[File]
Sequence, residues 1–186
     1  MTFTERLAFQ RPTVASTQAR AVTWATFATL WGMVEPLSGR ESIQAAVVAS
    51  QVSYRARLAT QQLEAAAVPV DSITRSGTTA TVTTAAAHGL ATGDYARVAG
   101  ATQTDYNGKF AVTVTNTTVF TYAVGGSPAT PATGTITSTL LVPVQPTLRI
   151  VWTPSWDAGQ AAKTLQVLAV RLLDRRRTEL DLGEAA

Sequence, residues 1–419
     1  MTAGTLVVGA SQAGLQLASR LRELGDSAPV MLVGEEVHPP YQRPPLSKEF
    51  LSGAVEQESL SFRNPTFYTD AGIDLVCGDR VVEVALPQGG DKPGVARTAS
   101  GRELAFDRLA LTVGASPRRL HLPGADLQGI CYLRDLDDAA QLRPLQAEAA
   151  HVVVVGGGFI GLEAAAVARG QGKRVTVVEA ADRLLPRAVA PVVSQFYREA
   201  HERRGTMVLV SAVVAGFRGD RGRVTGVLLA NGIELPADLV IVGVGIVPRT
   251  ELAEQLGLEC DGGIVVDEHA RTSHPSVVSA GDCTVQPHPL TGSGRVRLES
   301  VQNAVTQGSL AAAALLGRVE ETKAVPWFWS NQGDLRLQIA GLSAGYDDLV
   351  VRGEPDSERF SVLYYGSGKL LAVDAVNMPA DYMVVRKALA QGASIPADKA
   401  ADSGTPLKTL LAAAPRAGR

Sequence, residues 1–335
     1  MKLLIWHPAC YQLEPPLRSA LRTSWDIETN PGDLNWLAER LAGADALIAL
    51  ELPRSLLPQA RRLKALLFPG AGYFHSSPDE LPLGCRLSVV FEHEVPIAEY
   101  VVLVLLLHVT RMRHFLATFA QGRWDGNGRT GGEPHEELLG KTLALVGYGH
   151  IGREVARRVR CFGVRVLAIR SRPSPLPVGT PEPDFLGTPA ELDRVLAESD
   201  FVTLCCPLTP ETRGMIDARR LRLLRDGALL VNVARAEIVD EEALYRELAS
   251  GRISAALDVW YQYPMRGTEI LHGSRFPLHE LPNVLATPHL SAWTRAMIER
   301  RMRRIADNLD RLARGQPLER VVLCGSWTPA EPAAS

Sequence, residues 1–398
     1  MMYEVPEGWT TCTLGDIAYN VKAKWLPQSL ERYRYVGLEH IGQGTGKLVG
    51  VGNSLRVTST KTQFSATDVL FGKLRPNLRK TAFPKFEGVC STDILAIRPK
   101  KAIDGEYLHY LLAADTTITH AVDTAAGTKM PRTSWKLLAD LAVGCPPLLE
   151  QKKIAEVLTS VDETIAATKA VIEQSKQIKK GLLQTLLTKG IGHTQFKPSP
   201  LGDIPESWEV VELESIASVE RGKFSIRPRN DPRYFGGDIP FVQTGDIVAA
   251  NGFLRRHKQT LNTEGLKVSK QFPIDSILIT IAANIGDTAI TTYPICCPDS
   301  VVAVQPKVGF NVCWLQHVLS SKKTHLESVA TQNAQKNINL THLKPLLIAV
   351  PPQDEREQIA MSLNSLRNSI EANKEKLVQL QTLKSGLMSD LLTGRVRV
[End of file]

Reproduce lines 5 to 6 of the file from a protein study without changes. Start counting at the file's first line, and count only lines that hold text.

   151  VWTPSWDAGQ AAKTLQVLAV RLLDRRRTEL DLGEAA

Sequence, residues 1–419